With 2 in 3 months, Ohio executions could be back on track

COLUMBUS (AP) — Court rulings favorable to the state and the outcome of two executions in three months indicate Ohio could be on track to resume putting inmates to death regularly.

The state executed child killer Ronald Phillips in July and double killer Gary Otte on Wednesday in the state death chamber at the Southern Ohio Correctional Facility in Lucasville.

Witnesses said Phillips did not appear to be distressed. Otte’s chest rose and fell several times over two minutes in a fashion similar to some executions, though the movement appeared to go on longer than in the past.

Federal public defender Carol Wright, second from right, briefs other attorneys and members of a team representing condemned inmate Gary Otte following Otte’s execution on Wednesday, Sept. 13, 2017, in Lucasville, Ohio. Wright, who witnessed the execution, believes Otte’s rising and falling stomach indicated he was suffering from a phenomenon known as “air hunger” and she tried unsuccessfully to leave the witness room and alert a federal judge. She said the judge declined to stop the procedure, though it was likely too late at that point. (AP Photo/Andrew Welsh-Huggins)

Otte’s lawyers believe he suffered a phenomenon known as air hunger and plan to continue their challenge of Ohio’s use of a sedative called midazolam.

“My concerns were that he was obstructing, he was suffering air hunger, trying desperately to get air, and there were tears running down his face, which indicated to me that he was feeling pain or sensations,” federal public defender Carol Wright said after Wednesday’s execution.

Prisons spokeswoman JoEllen Smith said the procedure “was carried out in compliance with the execution policy and without complication.”

The next and last execution scheduled this year is Nov. 15, when the state plans to put Alva Campbell to death. A jury found Campbell, 69, guilty of killing 18-year-old Charles Dials 20 years ago after Campbell, who was in a wheelchair while feigning paralysis, escaped from a court hearing.

Ohio is scheduled to execute four people next year and six in 2019. Nine men were executed in 2010, the most since Ohio resumed putting inmates to death in 1999.

The availability and constitutionality of drugs used in lethal injection in Ohio have been the state’s main impediment to carrying out executions in recent years.

Attorneys representing death row inmates want the U.S. Supreme Court to hear new arguments about midazolam and its effectiveness. They argue that the sedative, even at a massive 500 mg dose, isn’t enough to render inmates so deeply unconscious that they won’t suffer serious pain from the second two drugs.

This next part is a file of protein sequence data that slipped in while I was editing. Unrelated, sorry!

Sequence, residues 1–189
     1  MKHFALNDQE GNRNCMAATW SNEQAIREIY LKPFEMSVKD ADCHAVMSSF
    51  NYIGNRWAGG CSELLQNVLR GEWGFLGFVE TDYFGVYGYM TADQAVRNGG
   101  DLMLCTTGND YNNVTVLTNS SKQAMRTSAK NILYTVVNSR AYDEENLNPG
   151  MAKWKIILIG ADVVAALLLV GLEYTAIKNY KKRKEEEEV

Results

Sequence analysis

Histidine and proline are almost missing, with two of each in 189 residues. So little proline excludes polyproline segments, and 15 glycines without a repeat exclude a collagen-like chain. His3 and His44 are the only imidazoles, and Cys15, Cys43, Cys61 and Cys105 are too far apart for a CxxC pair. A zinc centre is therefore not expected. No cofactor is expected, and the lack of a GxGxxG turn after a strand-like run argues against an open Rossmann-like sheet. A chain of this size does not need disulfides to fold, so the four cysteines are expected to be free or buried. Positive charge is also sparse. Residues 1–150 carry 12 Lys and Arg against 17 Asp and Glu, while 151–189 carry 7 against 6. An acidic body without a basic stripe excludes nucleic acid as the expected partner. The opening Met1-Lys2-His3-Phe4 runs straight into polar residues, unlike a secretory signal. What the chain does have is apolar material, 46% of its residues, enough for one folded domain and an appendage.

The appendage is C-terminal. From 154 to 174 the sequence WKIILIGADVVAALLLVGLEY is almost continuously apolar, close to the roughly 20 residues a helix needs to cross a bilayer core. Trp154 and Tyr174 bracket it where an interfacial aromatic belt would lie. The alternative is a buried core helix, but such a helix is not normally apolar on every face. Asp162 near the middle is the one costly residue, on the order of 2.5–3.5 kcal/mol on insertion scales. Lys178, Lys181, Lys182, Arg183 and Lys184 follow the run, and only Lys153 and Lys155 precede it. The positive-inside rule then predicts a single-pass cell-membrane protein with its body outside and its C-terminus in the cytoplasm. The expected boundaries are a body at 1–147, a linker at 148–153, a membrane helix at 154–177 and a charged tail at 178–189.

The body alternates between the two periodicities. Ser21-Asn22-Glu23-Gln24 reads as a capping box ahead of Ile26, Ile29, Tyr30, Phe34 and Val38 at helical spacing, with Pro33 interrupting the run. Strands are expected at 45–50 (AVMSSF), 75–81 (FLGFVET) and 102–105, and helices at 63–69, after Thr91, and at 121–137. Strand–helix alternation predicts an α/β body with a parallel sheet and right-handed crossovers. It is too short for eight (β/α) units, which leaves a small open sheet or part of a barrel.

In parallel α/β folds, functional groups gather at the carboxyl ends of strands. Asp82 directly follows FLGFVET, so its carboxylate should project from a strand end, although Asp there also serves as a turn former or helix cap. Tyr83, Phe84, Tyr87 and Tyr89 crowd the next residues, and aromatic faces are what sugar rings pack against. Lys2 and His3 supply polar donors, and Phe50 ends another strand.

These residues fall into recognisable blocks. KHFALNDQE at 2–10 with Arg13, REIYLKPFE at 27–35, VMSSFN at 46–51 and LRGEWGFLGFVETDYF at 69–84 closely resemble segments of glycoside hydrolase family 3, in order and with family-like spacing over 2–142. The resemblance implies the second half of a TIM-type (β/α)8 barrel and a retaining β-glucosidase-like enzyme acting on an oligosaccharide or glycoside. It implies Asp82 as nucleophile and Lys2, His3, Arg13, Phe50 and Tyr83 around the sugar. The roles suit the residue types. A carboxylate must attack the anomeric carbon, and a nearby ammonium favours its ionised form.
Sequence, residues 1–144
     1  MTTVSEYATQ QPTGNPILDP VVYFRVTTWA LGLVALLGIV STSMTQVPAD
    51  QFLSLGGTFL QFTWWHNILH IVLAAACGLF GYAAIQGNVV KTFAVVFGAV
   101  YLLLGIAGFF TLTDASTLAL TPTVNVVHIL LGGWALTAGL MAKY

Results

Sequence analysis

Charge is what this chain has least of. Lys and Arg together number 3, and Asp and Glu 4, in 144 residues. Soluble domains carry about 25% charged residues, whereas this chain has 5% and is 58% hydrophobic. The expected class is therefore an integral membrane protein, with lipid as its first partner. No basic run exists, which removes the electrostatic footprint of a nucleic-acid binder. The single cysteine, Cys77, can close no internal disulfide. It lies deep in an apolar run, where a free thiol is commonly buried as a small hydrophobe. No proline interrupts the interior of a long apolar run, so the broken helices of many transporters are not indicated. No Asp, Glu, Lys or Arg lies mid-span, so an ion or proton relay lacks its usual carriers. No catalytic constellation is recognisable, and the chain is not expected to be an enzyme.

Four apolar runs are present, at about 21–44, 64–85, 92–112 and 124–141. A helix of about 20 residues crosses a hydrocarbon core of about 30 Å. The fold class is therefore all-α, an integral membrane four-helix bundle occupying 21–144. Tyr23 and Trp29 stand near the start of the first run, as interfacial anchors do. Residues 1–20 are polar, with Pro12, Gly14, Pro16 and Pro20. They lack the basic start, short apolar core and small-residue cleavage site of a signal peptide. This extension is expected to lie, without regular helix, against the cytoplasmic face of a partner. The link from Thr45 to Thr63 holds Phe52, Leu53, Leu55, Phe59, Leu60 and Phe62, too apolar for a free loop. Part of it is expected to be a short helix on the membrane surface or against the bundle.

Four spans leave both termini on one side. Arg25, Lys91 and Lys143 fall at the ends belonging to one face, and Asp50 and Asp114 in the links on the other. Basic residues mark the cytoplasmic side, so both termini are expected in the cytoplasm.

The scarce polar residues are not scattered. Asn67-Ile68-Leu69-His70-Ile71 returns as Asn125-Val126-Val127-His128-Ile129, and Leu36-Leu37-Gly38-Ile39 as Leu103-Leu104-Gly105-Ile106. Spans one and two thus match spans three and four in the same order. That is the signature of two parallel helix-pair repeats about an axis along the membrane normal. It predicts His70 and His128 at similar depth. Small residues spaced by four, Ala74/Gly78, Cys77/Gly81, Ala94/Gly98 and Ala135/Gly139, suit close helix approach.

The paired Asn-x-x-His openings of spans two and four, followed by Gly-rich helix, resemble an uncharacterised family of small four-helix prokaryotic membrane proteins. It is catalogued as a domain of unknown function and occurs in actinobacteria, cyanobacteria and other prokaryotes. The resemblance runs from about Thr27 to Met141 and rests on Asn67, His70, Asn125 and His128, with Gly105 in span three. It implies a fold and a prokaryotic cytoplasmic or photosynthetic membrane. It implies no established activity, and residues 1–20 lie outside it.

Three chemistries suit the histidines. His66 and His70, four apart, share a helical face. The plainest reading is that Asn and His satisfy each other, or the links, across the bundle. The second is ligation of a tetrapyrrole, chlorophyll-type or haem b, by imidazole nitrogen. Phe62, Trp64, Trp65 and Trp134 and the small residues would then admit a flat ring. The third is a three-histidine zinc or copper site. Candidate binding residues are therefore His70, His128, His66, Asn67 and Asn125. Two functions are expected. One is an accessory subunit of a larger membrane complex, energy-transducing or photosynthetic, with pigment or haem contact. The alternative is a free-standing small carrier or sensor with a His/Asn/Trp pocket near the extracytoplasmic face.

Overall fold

The court upheld the use of midazolam in a case out of Oklahoma in 2015.

Lower federal courts have rejected the pain argument in recent weeks. In June, a federal appeals court said attorneys challenging midazolam had failed “to show that Ohio’s protocol is ‘sure or very likely’ to cause serious pain.”

Shortly before Otte’s execution, federal Judge Michael Merz echoed that decision, saying the “second and third drugs will certainly cause pain if injected into a fully conscious person, but Otte still has not proven that he is certain or likely to experience that pain.”

In that ruling, Merz noted that residents of Ohio have “an interest in seeing justice served through the timely completion of lawful sentences.”

Beginning in 2014, Ohio went more than three years without an execution as it struggled to find a source for drugs used in lethal injection.

The state sought an alternative after inmate Dennis McGuire repeatedly snorted and gasped during his 26-minute execution in January of that year, the longest execution to date in Ohio. The state used midazolam and hydromorphone in a two-drug combo it then abandoned.

Ohio announced last fall it had a source for a new 3-drug method. It said later it had enough drugs to carry out at least four executions. Records obtained by The Associated Press show the state could have enough for dozens.

Stephen Gray, the prisons chief attorney, declined Wednesday to say how many more executions the state could carry out with its current drug supply.

The state likely has more legal challenges ahead, said Lori Shaw, a University of Dayton law professor.

“We have not had enough executions featuring the new protocol to clearly establish that the risk of severe pain it creates is acceptable,” Shaw said.

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